They will be like a tree planted by the water
    that sends out its roots by the stream.
It does not fear when heat comes;
    its leaves are always green.
It has no worries in a year of drought
    and never fails to bear fruit.” (Jeremiah 17:7,8)

Categories: Bible, Church, Faith in society

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11 replies

  1. I think the problem is that people no longer have any respect for Christianity. In the past of you said you were a christian people may not agree, but there would be respect for that belief. The new atheists have made it ok to question christianity and to label anyone who follows it foolish. With the internet people, with the click of a button, can find a hundred and one arguments against christianityand are no longer afraid to voice these views.
    People today just dont understand how anyone could believe in creation, talking animals and Resurrection and if you do, like I mentioned previously, you will be labelled foolish. I dont see how christians can get past this and it probably explains why christianity has become so insular.

    • Nearly every politician, is seeking the answer to crime and vicious murders and attacks on their fellow mankind, let’s get back to when we had basic Christianity in schools! That’s where it all starts in children youngest years, let us have Christian teaching in schools made compulsory, remember this,Christianity is of Jesus Christ ! Religion is of man, making is own rules. I have never been a follower of the Tory Party, But I agree with what David Cameron says the UK is basically a Christian country, why should people be ashamed of being Christian, Christianity has a God OF LOVE AND MERCY. The problem is past and present governments are afraid to be called racist. If others want to follow their beliefs so be it we have no problem with that, it’s when you get to the judgement seat God Jehovah. Will judge. Come on all Christians do not be afraid to admit you are CHRISTIANS Speak out and declare Jesus Christ is our Lord, LORD OF LORDS AND KING OF KINGS HE IS OUR SAVIOUR AMEN.

  2. What are the rewards again for ‘coming out’? They seem a bit intangible.

    • Just to say thank you first Nick for all of your recent comments. I don’t think ‘coming out’ should be motivated by reward. It’s more about not hiding something we value and being openly honest about our faith. If we’re embarrassed to admit to believing in Jesus Christ, then why should we expect anyone else to? Jesus told us to go and make disciples. It’s a bit hard to even get close to doing that if we keep it secret.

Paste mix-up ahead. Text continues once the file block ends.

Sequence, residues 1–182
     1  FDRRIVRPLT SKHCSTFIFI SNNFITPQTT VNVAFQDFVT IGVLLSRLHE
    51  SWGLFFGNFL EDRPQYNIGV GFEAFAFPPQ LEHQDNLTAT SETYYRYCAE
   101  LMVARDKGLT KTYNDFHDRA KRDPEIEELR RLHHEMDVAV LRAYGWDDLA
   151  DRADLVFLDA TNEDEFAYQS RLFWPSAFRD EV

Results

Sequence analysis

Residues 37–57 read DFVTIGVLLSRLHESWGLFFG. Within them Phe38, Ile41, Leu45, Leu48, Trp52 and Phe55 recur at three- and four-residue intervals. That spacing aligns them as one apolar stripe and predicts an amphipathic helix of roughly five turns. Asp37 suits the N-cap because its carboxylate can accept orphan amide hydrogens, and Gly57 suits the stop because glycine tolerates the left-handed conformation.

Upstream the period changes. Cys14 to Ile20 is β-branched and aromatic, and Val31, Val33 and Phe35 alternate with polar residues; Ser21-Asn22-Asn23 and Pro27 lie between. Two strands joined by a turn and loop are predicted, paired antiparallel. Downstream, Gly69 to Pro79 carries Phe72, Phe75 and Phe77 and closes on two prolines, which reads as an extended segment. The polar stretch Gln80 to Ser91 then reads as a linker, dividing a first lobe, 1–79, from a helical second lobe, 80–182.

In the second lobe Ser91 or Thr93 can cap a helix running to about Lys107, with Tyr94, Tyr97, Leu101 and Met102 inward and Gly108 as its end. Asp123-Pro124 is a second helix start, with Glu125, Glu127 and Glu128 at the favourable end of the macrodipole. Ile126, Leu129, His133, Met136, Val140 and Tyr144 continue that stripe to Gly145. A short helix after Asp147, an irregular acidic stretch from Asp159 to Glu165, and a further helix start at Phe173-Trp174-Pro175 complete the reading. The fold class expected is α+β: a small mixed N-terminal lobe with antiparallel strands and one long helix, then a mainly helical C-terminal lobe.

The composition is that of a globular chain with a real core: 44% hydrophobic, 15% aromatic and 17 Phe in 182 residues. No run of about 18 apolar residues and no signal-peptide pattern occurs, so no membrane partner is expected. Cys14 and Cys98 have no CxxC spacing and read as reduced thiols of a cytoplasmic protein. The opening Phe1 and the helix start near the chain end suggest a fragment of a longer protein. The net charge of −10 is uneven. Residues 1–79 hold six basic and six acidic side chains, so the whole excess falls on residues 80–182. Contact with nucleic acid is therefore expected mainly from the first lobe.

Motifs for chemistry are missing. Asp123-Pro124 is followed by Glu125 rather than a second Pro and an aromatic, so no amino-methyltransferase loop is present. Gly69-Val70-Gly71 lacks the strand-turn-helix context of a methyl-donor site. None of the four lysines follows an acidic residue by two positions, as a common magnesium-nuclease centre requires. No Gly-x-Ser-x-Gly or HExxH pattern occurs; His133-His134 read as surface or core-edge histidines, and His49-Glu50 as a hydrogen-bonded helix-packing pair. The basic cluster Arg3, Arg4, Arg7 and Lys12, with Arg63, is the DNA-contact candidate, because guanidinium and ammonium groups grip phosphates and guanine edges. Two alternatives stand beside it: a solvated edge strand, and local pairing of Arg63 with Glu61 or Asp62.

3. I agree it is very wrong that Christians should face hostility when they ‘come out’.
    My trouble with this analogy (as a gay man) is my impression that many Christians, not least senior clergy have been and still are very hostile to gay people and, surely, this has made it harder for gay people (especially younger ones) to come out.
    And while coming out as Christian may be difficult for some in the UK, there is pretty much the opposite in other places – such as large areas of the US, where ‘coming out’ as atheist in strongly Christian communities can be a personal, social and career disaster.
    Various sayings come to mind – ‘people in glass houses shouldn’t throw stones’(etc).
    In other words, I do think it is wrong for Christians to feel unable to be open, but then please please please be clear to fellow Christians that they in turn should tolerate others.

  4. working in a church or christian environment is great but it is more difficult to witness unless people come in wanting you to talk to them about your faith, almost like you’re in a “narnia-type” closet. We need to be more open (easier said than done), but because we are so quiet about our beliefs compared to those in sub-saharan Africa, we do not fight as much as we should for what we believe.

  5. I agree Gillan that the more confident you become in talking about your faith its not as bad as you imagine. Because of the way i work i enjoy lots of discussions about Jesus and although you sometimes get stereotyped as a ”religious nutter” in the main there is still a lot of acceptance of Christianity among the public. There is a more balanced view about its benefits. The new atheists have had a marked effect in the liberal political classes but the public generally are more often quite open to discussion and hostility is rare. Disinterest though is a more common problem. We are explaining a message with a supernatural element which has many counter cultural facets. The new atheism tends to be a polemic and popularist and appeals but when one can convey the liberation that may come by faith in what seems improbable or impossible and talk about the personal transformation that often results then at a ”one to one” level there is interest. When one gets into debates and forums there is much more shouting stereotyping and a desire to say whatever to win an argument rather than listen and affirm the experiences of others.

  6. Basically in our culture religion and specifically Christianity is seen as a little ”odd” and off the wall. We do live in a secular, liberal humanistic nation (UK) and faith is not something polite people talk about.